Even at 90, Nobel laureate Sydney Brenner has not stopped doing research. Currently based in Singapore, the molecular biology pioneer said he is working on a paper about DNA evolution.
"There are still a lot of things that we don't know, so we need to keep searching for new ideas," he said. He added that he is analysing genomes on a computer because he cannot walk around a lab like he used to.
Dr Brenner was yesterday honoured by Japan for his contributions in developing education and research in the field of science and technology in the country.
At a ceremony at Shangri-La Hotel here, he received the Japanese government's Grand Cordon of the Order of the Rising Sun award. It is the second-highest accolade Japan gives to foreigners. It was presented to Dr Brenner by the Japanese Ambassador to Singapore, Mr Kenji Shinoda, on behalf of Emperor Akihito.
Dr Brenner gave a passionate speech about the institutions he had helped set up: "It can take 10 years to build an organisation, but it takes only a couple of weeks to destroy it. I hope that everything I have done in various countries, there will be people who remember what it was like before the institutions were built and continue these efforts."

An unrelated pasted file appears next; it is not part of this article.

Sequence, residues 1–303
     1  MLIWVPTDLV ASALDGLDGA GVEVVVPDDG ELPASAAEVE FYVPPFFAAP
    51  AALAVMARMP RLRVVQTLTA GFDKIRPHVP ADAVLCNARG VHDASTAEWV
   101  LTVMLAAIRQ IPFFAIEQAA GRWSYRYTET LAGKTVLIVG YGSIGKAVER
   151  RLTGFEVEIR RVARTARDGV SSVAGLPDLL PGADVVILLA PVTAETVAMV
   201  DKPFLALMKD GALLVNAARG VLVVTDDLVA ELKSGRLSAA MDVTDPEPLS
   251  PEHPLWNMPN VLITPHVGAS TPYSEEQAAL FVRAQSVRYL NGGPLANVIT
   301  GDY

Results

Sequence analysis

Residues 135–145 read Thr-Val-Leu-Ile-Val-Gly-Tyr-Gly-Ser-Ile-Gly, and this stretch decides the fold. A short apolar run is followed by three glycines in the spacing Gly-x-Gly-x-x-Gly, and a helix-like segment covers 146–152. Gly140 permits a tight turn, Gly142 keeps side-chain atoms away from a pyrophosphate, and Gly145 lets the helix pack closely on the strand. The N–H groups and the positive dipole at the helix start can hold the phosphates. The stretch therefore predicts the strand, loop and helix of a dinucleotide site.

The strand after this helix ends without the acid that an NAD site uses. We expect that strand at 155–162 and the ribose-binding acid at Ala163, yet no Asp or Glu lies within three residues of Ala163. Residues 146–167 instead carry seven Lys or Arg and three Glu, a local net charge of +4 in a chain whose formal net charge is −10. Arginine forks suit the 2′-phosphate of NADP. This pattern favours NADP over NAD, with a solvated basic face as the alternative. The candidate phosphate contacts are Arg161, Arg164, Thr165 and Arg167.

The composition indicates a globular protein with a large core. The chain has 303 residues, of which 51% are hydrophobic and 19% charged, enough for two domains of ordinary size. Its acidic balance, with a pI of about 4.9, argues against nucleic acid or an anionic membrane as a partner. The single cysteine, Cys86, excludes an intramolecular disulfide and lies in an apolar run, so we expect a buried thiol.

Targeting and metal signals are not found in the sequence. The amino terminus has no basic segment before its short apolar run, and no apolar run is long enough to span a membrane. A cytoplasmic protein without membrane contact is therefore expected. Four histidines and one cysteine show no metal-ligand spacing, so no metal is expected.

"We must have new people, new ideas," he added.
Dr Brenner first visited Singapore in 1983 to advise the Government on what it would take for the Republic to create a biotechnology industry.
He has been associated with the Institute of Molecular and Cell Biology - Singapore's first biomedical research institute - since its inception in 1985, and has seen it grow into a world-class institution.
In 2000, he joined the second phase of building scientific research and development in Singapore at the Agency for Science, Technology and Research (A*Star), and continues in this work today.
For his contributions, Dr Brenner received the Distinguished Friends of Singapore award in 2000 and, in 2003, was appointed an honorary citizen of Singapore.
He is currently scientific adviser to the chairman of A*Star and head of its Molecular Engineering Laboratory.
When asked about the direction Singapore's research was heading towards, Dr Brenner said: "It's in the right direction, but we need more innovation, more ideas."